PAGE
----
On the 2nd day, we find a reasonably sheltered section of an estuary not far from the main boat ramp in town and were fishing a rather stiff incoming tide. We set boys boys up on their own rods with a typical paternoster rig and use fresh cockles for bait that we collected on a local shallow sand flat the previous evening. Initially not much was happening or perhaps the fish were that small we simply could not feel them biting. Once the tide changed and really got going it generated a strong rip and the biting started to come on and ended up hooking 9 fish, landed 7 within an hour. Loch was on fire and caught 6 and Aidan managed to catch the smallest Flathead I have ever seen. He was a very cute little guy, still managed to spike me trying to get him off the hook, and after a quick snap of the trophy fish by Mum, he was safely released back to the estuary. Lochie caught 4 King George Whiting, and 1 Flathead – unfortunately, some were borderline and others were below legal limit(s) and all were released. Despite the disappointment of not taking any fish home for dinner, we all had a great time. The boys were very patient through the quiet non-action period and I thoroughly enjoyed being the bait/snag master for the day. Celia also played a vitally important roll in removing the cockle flesh from their shells …and a little birdie told me, quietly fed the odd lucky seagull as well.
The following day the weather took a turn with a little rain, heavy cloud cover and the wind had dropped for a pleasant change. After the boys school work in the morning, some 3 loads of clothes washing done and the odd maintenance job on the van, we keenly head out to the close-by Coffin Bay National Park after lunch to check out a potential campsite and then, we head across the other side of the park to take a look at Cape Catastrophe and Point Avoid – both highly welcoming places you’re probably thinking.
There is a lot of roaming wildlife in this park – namely Emus, Kangaroos and Euros (small wallaby) and the roads are mostly up & down, twisty and quite narrow. The speed limit is a blanket 40kms per hour across the entire park so it takes a lot longer getting anywhere as a result. Not far from the national parks entrance, we come across an unfortunate baby Emu lying dead on the road – clearly the result of someone speeding and not being able to stop in time (we would see the rest of the young family (alive) the next day). Further into the park we would see numerous vehicles not sticking to the speed limit which was disappointing to see.
We first venture across to Point Avoid which adjoins Almonta Beach on one side.
We had read that this time of year small flocks of Cape Barren Geese maybe seen at times on various beaches in the park for mating season. These are bulky geese, almost uniformly grey plumage and bear rounded black spots. Their tail and flight feathers are dark grey and their legs pink with jet black feet. They can drink salt or fresh water and it is unusual for them to swim. Thought to be a sub species of the Swan, today are one of the rarest of the worlds geese and mainly live off shore on remote southern islands.
The weather on this day was not the best for photography of birds with low light and spitting with rain but we go looking for them anyway and with the the high seas of late, we may even find some interesting stuff beachcombing. We reach Point Avoid, park, and walk towards a weathered sign saying “beach access”. We look down about 25M to the beach below and right there is a pair of geese in close to a sand dune – so we venture down to take a closer look. After getting up close to them and a couple of snaps later we leave them in peace and walk around Point Avoid proper along the beach and find a large flock of Fairy Terns, numerous Pacific Guls and a cute pair of Sooty Oystercatchers trying to catch a wink. Frolicking around on the shallows, we find many starfish (some vibrant orange & blue in colour) and the odd roundish yellow crab, but nothing much else. It’s a rugged spot and the naming of this point is fairly obvious if you’re a mariner. The rock formations in this area of the park are limestone featuring unusual sculptured rocky points all over them which we’d not seen anywhere else.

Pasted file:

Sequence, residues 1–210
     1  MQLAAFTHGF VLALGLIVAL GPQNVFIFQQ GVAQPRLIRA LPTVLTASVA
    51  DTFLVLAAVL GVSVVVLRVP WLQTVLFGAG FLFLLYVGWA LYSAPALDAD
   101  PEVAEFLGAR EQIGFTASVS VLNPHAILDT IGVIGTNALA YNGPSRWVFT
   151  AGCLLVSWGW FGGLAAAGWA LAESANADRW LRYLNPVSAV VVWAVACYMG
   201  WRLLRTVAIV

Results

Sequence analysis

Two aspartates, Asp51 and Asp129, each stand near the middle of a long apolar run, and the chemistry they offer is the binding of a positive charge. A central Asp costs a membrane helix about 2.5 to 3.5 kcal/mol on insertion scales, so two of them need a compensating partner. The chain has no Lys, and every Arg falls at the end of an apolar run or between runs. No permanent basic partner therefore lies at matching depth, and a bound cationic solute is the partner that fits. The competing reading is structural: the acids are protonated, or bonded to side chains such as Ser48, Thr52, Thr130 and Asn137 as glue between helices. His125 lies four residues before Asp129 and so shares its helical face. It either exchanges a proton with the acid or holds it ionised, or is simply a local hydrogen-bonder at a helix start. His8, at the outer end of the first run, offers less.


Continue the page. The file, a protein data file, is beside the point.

The following day, the weather was almost the same as the day before only this time with heavier cloud and some showers. We decide to head back out into the national park and back to Point Avoid once again and we didn’t see another person in the whole trip in – perhaps the weather had scared everyone away. When we arrive, we were amazed to find down one end of Almonta Beach a flock of about 25-30 Geese. We slowly venture down to see how they would react to our presence and quickly find they were not too interested in us and we could get reasonably close, about 30-35M without frightening them.
We watched them for about an hour or so and the boys also combed the beach to find more treasures whilst I rattled off a few frames of exquisite birds. A would-be male geese pestered several females …and watching them long enough soon made it straightforward to match which pairs were which. A couple of the alpha males split the flock and I took some more frames of a smaller group whilst they were wading in the whitewash of the surf and picking out little things to eat – we couldn’t quite work out what these were. A great experience and memory. The rest of the day was spent doing little jobs, washing, water replenishment, and trying to fix a new blockage we found in the van’s plumbing.
The following morning we leave Coffin Bay for the 50km trip down the coast to the most southern town on the Eyre Peninsula we have all been looking forward to visiting, Australia’s fishing industry capital – Port Lincoln. We’ll feature Port Lincoln to Port Augusta in part 2 of the Eyre Peninsula. Till then …
Geoff & Celia